October Is National Apple Month: Levi Wells Prentice
I can’t think of a better way to celebrate National Apple Month than with one of THE most incredible paintings I’ve ever seen on the subject. The first time I saw this painting by Levi Wells Prentice at the Museum of Fine Arts, Boston, I almost fainted from sheer excitement. Painting apples was a major part of this artist’s body of work.
|Levi Wells Prentice (1851–1935, U.S.), Apples in a Tin Pail, 1892. Oil on canvas, 16 ¼" x 13 ¼" (1.3 x 33.7 cm). © 2023 Museum of Fine Arts, Boston. (MFAB-229)|
Born in the Adirondack Mountains region of New York state, Prentice was a self-taught painter. He initially painted landscapes inspired by Hudson River School paintings. In 1883, Prentice moved to Brooklyn. There, no longer surrounded by mountain landscapes, he turned to still life.
Prentice was most renowned in his day for his paintings of fruit, particularly apples, either growing on a branch in a landscape or in a still-life setting. Despite his self-training, Prentice became an expert of Trompe l'Oeil Realism, a technique very popular among burgeoning middle class art patrons. Prentice excelled at depicting reflection and dramatic contrasts of light and dark to achieve illusionism in his works, which few of the major stars of Trompe-l'Oeil Realism such as William Harnett (1848–1892) and John Peto (1854–1907) ever achieved.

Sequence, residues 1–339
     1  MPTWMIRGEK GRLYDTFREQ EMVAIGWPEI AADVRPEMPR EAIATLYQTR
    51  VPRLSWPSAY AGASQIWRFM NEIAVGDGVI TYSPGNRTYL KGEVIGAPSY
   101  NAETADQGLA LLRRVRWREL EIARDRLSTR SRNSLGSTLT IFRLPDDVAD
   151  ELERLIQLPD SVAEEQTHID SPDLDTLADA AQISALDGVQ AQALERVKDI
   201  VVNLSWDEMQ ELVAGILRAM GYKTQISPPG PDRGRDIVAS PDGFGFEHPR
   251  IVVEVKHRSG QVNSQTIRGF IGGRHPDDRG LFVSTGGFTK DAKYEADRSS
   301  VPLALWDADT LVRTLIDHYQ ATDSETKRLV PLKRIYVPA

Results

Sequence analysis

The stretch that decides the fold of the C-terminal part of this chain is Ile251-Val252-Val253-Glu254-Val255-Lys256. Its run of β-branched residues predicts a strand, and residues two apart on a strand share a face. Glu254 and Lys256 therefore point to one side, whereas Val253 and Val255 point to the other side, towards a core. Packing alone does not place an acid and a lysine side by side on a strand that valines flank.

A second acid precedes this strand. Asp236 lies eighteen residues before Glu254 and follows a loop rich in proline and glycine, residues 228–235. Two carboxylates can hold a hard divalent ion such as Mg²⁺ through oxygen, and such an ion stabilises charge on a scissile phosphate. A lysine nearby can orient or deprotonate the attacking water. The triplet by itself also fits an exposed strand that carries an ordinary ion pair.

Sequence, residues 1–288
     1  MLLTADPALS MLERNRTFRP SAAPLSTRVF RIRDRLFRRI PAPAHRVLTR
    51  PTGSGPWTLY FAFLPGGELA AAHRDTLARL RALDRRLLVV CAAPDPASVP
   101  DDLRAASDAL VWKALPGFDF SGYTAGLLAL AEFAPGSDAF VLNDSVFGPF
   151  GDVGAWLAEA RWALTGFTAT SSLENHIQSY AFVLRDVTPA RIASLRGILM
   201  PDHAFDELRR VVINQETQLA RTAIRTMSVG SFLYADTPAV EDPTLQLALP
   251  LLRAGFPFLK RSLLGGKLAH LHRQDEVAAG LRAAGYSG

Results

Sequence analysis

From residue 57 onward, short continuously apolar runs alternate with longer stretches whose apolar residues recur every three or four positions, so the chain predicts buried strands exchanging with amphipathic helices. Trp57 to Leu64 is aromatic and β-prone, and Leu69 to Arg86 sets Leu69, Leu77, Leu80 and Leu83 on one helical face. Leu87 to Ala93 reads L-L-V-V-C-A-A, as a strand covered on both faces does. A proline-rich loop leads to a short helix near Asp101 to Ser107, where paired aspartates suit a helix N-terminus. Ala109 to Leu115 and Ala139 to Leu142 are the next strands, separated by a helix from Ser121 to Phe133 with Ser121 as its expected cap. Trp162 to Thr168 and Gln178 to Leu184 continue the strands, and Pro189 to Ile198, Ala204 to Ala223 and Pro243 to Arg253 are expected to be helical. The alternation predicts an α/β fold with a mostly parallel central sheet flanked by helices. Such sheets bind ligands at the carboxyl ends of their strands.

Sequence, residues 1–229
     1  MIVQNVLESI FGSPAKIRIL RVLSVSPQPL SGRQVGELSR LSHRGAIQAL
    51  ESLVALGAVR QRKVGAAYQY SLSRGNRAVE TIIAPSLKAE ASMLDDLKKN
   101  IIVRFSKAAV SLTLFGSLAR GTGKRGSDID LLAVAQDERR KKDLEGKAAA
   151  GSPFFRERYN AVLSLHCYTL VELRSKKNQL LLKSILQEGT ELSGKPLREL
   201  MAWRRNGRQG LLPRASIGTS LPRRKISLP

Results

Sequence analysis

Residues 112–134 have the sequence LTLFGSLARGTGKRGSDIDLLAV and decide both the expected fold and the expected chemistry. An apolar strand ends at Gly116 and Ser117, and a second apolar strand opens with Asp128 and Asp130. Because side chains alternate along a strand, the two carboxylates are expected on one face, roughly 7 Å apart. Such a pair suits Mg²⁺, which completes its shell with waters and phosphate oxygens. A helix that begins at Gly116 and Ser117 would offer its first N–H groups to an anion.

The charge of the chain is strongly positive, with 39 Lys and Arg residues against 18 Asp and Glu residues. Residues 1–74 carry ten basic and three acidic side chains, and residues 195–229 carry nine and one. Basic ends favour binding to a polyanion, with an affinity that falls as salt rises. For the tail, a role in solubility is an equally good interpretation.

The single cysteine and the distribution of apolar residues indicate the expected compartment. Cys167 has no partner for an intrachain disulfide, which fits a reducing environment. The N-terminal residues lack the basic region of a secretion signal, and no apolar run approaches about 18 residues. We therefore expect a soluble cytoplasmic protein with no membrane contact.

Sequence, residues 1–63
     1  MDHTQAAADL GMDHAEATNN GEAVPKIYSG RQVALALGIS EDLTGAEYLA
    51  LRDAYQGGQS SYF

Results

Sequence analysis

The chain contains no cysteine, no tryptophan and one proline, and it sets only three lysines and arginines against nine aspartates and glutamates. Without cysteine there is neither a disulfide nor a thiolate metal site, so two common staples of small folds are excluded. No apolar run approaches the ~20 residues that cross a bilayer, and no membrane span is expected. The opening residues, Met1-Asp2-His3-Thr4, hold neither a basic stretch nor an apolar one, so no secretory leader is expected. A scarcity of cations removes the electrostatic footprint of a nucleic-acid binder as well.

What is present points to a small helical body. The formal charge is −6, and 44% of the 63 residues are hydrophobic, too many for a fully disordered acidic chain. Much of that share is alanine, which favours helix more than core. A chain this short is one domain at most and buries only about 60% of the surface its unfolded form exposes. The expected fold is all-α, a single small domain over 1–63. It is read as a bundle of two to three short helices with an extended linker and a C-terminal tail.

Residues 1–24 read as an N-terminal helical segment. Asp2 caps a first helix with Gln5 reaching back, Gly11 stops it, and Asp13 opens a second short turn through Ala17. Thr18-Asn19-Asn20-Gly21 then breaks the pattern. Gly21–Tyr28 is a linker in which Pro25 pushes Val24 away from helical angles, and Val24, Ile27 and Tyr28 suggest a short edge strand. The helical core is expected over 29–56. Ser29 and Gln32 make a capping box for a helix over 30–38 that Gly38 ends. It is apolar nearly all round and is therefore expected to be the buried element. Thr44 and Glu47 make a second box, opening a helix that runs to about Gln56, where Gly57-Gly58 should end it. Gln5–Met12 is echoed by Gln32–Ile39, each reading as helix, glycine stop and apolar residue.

Among the many styles American artists explored in painting during the late 1800s—including classicism, Impressionism and personal vision—trompe l'oeil (one of the many strains of the realism that dominated American painting) was the most unusual. Trompe l'oeil is French for “fool the eye.” The style emphasizes such fidelity to visual perception that the resulting image fools the viewer into accepting the image as the real thing.
The earliest exploration of trompe l'oeil in American painting came from Charles Willson Peale (1741–1827) in his painting The Staircase Group, a portrait of his sons Rubens and Titian. These works, like their Dutch Baroque counterparts, frequently had a narrative or moral associated with them when the highly detailed objects were scrutinized. The still-life subjects Prentice portrayed often touch on the vanitas theme typical of Dutch Baroque still life. In vanitas still life, the arrangement of abundance from nature is overwhelmed by its passing beauty, a symbol of the transience of human life.
Although very popular with the public, art critics at the time dismissed the trompe l’oeil genre as little more than technical proficiency. The artworks were popularly displayed in public places such as saloons and stores. The style reinforced the American appreciation for extreme realism in art. Such an appreciation was one reason that Impressionism was not readily accepted as a painting style when introduced in America in the 1880s, the same time Trompe l'Oeil Realism was wildly popular with the public.
Correlations to Davis programs: Explorations in Art 2E Grade 1: 1.5; Explorations in Art 2E Grade 4: 6.8; Explorations in Art 2E Grade 5: 2.1, 2.2, 2.3; Explorations in Art 2E Grade 6: 1.8; Experience Art: 2.2; A Personal Journey 2E: 2.6; A Global Pursuit 2E: 5.2; The Visual Experience 4E: 3.9